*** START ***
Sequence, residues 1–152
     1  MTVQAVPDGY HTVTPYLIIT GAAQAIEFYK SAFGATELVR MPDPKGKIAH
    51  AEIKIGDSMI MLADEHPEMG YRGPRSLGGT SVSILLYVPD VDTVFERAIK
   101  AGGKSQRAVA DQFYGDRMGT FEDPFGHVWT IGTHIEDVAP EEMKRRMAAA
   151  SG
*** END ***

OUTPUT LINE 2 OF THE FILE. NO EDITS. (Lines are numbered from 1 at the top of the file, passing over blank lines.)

     1  MTVQAVPDGY HTVTPYLIIT GAAQAIEFYK SAFGATELVR MPDPKGKIAH